The labor counterforce, such as it has been, owes its spirit and achievement largely to Catholic immigrants emboldened by church teaching that labor unions were justified to protect the God-given dignity of workers. Accordingly, laborers deserved adequate wages pay to support families and home. Human beings were created as social beings, the church taught, each having a responsibility for the general welfare.
Organizing workers for wage benefits demonstrated the purpose of that solidarity, the church said. Catholics therefore contributed a "collective" approach to economic justice to challenge the largely Protestant "individual" (it is up to the person to succeed without a group) version that has prevailed throughout. As Catholics moved up the financial and class ladder, many have joined the opposition to union activity, but a smaller following carries on in that tradition.
Meanwhile, vast numbers of American workers are arguably more vulnerable to ill treatment than they have been for a century or more, as union protections recede and a flood of low-wage jobs replace decent paying ones. News of large drops in the unemployment rate, broadly portrayed as unalloyed progress, typically fails to note how many of those new jobs pay abysmal wages.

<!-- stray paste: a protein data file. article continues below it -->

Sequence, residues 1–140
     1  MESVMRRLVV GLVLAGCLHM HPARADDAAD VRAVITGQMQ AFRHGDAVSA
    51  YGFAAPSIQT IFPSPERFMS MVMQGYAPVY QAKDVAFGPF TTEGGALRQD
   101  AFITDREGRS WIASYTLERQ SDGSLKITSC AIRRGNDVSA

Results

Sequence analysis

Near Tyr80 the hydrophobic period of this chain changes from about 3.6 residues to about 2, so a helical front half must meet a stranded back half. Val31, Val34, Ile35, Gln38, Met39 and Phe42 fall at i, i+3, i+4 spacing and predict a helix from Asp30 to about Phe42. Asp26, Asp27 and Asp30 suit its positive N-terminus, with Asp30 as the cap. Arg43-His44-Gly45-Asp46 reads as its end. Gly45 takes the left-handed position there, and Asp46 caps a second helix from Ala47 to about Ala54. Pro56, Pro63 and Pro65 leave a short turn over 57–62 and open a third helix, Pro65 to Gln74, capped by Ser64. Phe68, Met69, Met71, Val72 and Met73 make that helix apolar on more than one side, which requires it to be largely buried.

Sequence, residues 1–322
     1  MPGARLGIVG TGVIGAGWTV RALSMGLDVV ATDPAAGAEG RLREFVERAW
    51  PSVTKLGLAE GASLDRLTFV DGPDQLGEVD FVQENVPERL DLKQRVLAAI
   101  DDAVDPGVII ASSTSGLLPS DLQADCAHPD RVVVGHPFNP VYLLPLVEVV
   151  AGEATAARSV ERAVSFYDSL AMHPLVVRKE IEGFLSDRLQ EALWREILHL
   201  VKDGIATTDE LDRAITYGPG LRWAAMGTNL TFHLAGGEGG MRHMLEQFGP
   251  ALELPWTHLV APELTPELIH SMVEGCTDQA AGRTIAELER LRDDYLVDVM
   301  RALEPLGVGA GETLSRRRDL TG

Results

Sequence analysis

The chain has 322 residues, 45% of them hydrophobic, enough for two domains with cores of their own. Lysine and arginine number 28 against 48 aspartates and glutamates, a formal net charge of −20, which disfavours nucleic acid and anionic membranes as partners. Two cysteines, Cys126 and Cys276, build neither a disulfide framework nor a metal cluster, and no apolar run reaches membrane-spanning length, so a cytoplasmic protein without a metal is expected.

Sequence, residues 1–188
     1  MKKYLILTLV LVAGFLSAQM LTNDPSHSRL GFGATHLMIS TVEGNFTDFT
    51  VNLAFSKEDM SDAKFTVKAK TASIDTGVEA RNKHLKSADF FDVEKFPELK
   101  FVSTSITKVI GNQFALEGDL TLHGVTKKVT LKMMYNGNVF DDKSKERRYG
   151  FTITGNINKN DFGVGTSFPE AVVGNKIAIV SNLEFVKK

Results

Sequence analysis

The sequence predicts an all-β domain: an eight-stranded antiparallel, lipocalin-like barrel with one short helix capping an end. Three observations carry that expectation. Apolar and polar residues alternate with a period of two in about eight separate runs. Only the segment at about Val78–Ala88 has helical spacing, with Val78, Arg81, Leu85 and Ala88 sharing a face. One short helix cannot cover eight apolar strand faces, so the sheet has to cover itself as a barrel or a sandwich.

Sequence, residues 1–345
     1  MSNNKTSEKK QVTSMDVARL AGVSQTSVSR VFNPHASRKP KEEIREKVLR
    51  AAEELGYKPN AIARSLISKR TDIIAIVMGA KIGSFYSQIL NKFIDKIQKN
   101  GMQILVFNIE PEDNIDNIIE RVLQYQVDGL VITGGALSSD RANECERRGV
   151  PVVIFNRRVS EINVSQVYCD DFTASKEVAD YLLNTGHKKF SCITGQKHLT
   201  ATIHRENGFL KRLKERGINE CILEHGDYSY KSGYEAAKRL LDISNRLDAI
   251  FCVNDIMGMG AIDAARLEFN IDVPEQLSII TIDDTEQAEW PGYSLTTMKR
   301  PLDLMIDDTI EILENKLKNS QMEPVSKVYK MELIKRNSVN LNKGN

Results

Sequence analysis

Renewed awareness that the greatest push-back against owner control and for labor dignity wouldn't have happened without the dedication and tenacity of Catholics who were inspired by the church's 19th-century social doctrine therefore seems more than timely.
Under pressure from such activists, owners and financiers gave some ground, unevenly and warily, ending child labor, shifting from militant confrontation to accepting union rights to bargain, and conceding workplace regulations such as limits on shifts. Wages rose, often grudgingly, beyond the mid-20th century, but the war on unions has not relented, utilizing ever more sophisticated forms of union-busting.
The latest Supreme Court action appears to bear that motive masquerading as the inevitable result of legal reasoning. The declining portion of unionized employment, especially in the public sector, will likely be starved into further shrinkage, and the political/economic right stands to gain further control.
Labor can rebound through proven practices and fresh thinking to combat worker gloom and awaken belief that collective initiatives offer hope far beyond the effect of individuals operating on their own. For Catholics, the resources for aiding such a resurgence are there waiting to be restored.
Pope Francis has made restoration of dignity for the most deprived classes a major theme; practical strategies for bringing it about remain to emerge within and without the church.
On the fourth, the nation again hailed the American Way of Life with all its virtues and foibles. The Declaration is front and center, its meaning yet to be realized in the broadest sense among all of our people. Union strength isn't the only objective, but it wouldn't be a bad place to start. Put some adrenaline into Labor Day for a change.